Physical activity and nutrition are essential to achieving peak bone mass. Many studies addressing nutrition and bone health in children have concluded that inadequate nutrition, particularly insufficient intake of calcium and vitamin D, during growth may negatively affect peak bone mass. Moreover, malnutrition that occurs with eating disorders has also been shown to have a direct effect on bone mass development. In young individuals with anorexia nervosa, bone loss can be detected after only six months of illness and deficits can remain even after weight gain recovery. The severe deficiency of nutrients that occurs with anorexia results in a reduction of bone formation, as well as increased bone resorption. Even nutrient deficits from short-term fasting, (four days or longer), results in a marked decrease of bone formation markers in normal healthy young people. Achieving peak bone mass cannot be emphasized enough. It has been shown that achieving peak bone mass during the adolescent years could significantly delay the onset of osteoporosis by 13 years, reducing the risk of osteoporotic fractures later in life.
By the age of 40, we all slowly begin to lose bone mass. However, as with adolescents aiming to achieve peak bone mass, quality nutrition and regular exercise also help adults avoid the severe bone loss that leads to osteoporosis. A recent study examining the effects of diet on bone health found that postmenopausal women who ate a Mediterranean diet were less likely to suffer from hip fractures. The Mediterranean diet is well known for its emphasis on eating foods like fish, vegetables, fruits, legumes, whole grains, nuts, seeds, and olive oil. Meat, cheese, and sweets are very limited. This study highlights how an overall healthy diet may be more important in supporting bone health than focusing on the intake of any single nutrient. The health and strength of our bones rely on a balanced diet that provides a steady stream of many key nutrients, most importantly, calcium and vitamin D. Calcium has always been known as one of the vital nutrients for building strong bones.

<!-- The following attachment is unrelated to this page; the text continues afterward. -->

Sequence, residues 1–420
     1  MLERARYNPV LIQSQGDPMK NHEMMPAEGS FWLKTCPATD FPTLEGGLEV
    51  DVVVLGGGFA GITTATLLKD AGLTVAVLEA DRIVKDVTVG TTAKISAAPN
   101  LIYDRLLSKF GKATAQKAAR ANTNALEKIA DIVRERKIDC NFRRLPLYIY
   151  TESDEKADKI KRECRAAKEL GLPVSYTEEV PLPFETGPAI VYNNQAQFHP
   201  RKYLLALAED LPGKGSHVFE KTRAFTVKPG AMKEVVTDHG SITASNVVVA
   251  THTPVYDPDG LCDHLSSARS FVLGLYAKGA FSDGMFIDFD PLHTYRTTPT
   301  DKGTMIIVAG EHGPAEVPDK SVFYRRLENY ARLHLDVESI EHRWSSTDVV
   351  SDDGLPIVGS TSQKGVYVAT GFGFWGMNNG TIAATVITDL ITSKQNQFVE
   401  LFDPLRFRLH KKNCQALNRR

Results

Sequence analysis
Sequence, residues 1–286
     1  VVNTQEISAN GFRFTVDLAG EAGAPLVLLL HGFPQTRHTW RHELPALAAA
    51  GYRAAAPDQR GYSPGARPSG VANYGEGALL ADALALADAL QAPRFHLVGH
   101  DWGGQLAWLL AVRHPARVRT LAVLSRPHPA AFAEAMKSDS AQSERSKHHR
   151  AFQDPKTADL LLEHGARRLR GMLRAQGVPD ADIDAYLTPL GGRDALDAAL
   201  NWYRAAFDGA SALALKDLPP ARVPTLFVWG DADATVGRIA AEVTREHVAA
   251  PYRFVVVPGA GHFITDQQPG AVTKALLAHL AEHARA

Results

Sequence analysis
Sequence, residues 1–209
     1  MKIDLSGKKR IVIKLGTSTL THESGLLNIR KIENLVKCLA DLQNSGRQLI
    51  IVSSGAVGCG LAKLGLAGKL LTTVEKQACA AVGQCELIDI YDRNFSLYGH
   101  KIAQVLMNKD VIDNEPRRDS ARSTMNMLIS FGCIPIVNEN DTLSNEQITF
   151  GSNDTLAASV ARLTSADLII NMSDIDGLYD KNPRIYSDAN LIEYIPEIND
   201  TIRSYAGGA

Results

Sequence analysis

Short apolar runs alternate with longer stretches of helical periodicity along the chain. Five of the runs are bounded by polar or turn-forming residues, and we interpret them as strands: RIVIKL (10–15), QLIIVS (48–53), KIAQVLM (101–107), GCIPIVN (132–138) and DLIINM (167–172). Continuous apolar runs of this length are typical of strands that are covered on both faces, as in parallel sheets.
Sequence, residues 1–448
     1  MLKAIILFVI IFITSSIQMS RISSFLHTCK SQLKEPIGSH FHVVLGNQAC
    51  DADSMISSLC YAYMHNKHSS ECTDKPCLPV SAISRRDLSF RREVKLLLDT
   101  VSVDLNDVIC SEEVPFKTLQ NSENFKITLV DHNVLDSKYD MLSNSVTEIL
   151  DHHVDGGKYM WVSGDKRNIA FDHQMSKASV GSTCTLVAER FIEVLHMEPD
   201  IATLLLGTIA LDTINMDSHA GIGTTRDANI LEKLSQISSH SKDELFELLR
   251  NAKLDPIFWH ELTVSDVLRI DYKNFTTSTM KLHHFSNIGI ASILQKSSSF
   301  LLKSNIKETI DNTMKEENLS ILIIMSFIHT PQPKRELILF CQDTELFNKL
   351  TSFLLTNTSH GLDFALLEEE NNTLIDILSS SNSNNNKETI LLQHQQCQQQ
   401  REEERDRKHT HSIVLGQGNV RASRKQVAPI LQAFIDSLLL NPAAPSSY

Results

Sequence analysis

This is because the matrix of bone is mineralized with calcium and phosphate, which in turn gives strength to its structure. Calcium is also important for muscle contraction, heartbeat regulation, nerve impulse transmission, regulation of blood pressure, and immune system function. 99% of calcium is stored in our bones, and unfortunately, when you don’t get enough calcium in your diet, the body will pull calcium from the bones to support these other functions. Without adequate calcium, bones become weak and fragile.
Recently, there have been ongoing debates surrounding the intake of calcium supplements. While they do not question the importance of calcium in maximizing bone strength, they do question the healthiest or safest amount recommended for optimal bone health. Some studies found no evidence that calcium supplements prevent fractures in adults or increase bone mineral density in healthy children. Calcium supplementation has also recently been associated with an increased risk of heart attacks. Therefore, healthy adults and children should aim to get the recommended daily amount of calcium from food first and supplement only if needed. In fact, there is no added benefit to taking more calcium than you need in supplements and doing so may increase your risk of other health issues